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February 3, 2019

What is PTSD anyway?

PTSD has been in the news a lot in recent years – mostly in reference to our military personnel who are returning from war zones in Iraq or Afghanistan.  PTSD is the acronym for Post-Traumatic Stress Disorder.  As its name implies, it is a psychological disorder which can occur after someone experiences a serious trauma.  It is a disorder that had been first described in soldiers after they have survived a battle.  After World War I, Freud called it a “war neurosis” and the military called it “shell shock” after World War II.

Although, it was first observed in battle-tested soldiers, PTSD can actually occur after someone experiences or observes many different kinds of trauma.  Trauma can include being in a severe car accident, a rape, watching one’s home and future float away in a Mississippi River flood or fly away in a Kansas tornado.  Any traumatic event you can imagine may lead a vulnerable person into a PTSD reaction.  These reactions have been observed in children who are living in a war zone like those in Syria or in peaceful African villages that are torched and attacked by rebels or other extremists.

Trauma is defined as an event that causes or threatens death or serious harm to self or others.  It also includes a sense of intense helplessness and fear.  So, it could include surviving a shark attack or watching someone else in a shark attack.  It could include the physical or sexual abuse of a child; or that child having to watch a mother get beaten by a violent spouse.

Symptoms may occur fairly quickly or have an onset delayed by months.  Symptoms include:

-recurring and intrusive thoughts, memories or dreams of the traumatic event.  (I can’t               stop seeing the crash.  I dream of the battle every night and wake up screaming.)

-efforts to avoid places, people, events associated with the trauma.  (I once worked with a psychiatrist who refused to drive near an intersection where he suffered a near fatal car accident.  Also, for example, I worked with a teacher who could never return to school after witnessing the death of a student there.)

-hyper vigilance, (always being on alert), exaggerated startle response, outbursts, sleep problems, depression.

-feelings of detachment or lack of connection to others.

-suffering “flashbacks” where a person feels him or herself back in the traumatic situation reliving it again and again without resolution. This strikes the author as a particularly good description of “hell on earth”.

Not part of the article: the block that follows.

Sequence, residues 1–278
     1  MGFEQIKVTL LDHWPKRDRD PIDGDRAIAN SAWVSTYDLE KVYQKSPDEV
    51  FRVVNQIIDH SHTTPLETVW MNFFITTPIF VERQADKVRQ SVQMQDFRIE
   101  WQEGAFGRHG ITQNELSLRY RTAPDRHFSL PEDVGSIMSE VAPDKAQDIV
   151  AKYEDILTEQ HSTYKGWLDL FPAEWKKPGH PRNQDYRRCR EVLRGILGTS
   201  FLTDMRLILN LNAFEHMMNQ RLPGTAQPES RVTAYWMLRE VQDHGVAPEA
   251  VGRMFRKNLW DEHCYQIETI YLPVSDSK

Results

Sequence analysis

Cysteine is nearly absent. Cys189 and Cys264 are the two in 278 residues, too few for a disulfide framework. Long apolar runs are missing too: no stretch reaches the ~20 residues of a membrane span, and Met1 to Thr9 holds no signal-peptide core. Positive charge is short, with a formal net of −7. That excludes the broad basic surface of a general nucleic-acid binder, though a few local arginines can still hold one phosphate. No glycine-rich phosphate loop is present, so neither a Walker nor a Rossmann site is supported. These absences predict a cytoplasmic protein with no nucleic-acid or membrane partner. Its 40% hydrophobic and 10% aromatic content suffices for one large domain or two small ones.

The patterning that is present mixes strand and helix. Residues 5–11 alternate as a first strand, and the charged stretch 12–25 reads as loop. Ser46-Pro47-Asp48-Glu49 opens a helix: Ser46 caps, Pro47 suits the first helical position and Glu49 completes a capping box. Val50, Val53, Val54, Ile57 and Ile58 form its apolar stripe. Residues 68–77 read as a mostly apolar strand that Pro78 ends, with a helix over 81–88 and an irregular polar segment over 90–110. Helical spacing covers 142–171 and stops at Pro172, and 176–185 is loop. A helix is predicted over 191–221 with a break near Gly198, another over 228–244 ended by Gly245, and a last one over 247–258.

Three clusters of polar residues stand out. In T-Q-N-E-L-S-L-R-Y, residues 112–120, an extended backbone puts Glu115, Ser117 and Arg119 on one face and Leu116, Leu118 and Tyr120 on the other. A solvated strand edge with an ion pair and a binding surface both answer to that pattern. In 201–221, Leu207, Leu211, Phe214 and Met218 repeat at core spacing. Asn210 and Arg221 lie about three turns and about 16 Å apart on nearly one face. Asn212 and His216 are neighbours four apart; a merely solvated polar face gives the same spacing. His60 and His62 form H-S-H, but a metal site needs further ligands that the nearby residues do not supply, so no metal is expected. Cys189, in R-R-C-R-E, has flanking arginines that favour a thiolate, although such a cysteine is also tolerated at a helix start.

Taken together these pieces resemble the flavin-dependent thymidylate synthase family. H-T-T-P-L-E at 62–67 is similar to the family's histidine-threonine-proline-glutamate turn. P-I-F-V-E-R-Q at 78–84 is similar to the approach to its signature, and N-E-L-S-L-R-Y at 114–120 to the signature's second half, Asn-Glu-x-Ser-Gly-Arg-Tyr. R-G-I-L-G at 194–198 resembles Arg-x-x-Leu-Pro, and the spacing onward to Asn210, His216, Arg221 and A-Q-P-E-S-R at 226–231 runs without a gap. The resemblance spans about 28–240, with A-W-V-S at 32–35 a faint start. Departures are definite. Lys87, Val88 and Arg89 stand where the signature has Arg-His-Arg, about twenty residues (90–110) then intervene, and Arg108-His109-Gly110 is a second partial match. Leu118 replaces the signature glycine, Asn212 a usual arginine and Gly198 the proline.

Obviously, a person with this disorder can have his or her life turned upside down and

made intolerable.  People can lose jobs, marriages and potentially perform self- harming behaviors when the suffering becomes unbearable.

Happily, there are treatments that help a person get beyond the effects of a trauma.  These include: CBT therapies, exposure therapies and something called EMDR which seems to help in some circumstances.  Medications are not particularly effective with PTSD except to reduce the anxious or nightmare symptoms.  They do not really affect the basic trauma experience which gets locked up in the brain and needs some form of talk therapy to get unlocked and released.

If this sounds like you or someone you know, seek help.  It can work.

Be careful out there, you’re worth it.

Dr. Dave Borsos

David Borsos, Ph.D.
Counselor Summary

Dave Borsos“Dr. Dave” has been a Licensed Clinical Psychologist since 1982 and has worked as a mental health professional in a variety of settings for over 35 years. He received a B.A. from Penn State in Journalism in 1975. Yet, after a few years working as a therapy aid for an inpatient, schizophrenic population, he realized his true calling and love — helping people with psychological problems achieve happier and healthier lives.

Dave then went on to Antioch University where he earned a Master’s degree in counseling in 1978 and later received his Ph.D. from Temple University in 1989. His training and experiences have always been varied and eclectic. He recognizes that people can be uniquely different in their problems and that a good psychologist should be ready for almost anything. His background includes training and experience in depressions, anxiety disorders, families, couples, adjustment disorders, schizophrenics and a variety of addictive disorders. He received a Certificate of Proficiency in the Treatment of Alcohol and Other Substance Abuse Disorders from the American Psychological Association in 1999.

Dave operates from an integrated model of counseling and psychotherapy using the best ideas and techniques from a number of theoretical pathways. Again, recognizing the diversity of clients’ backgrounds and problems, he works at using the best techniques for a particular person and his or her specific issues.

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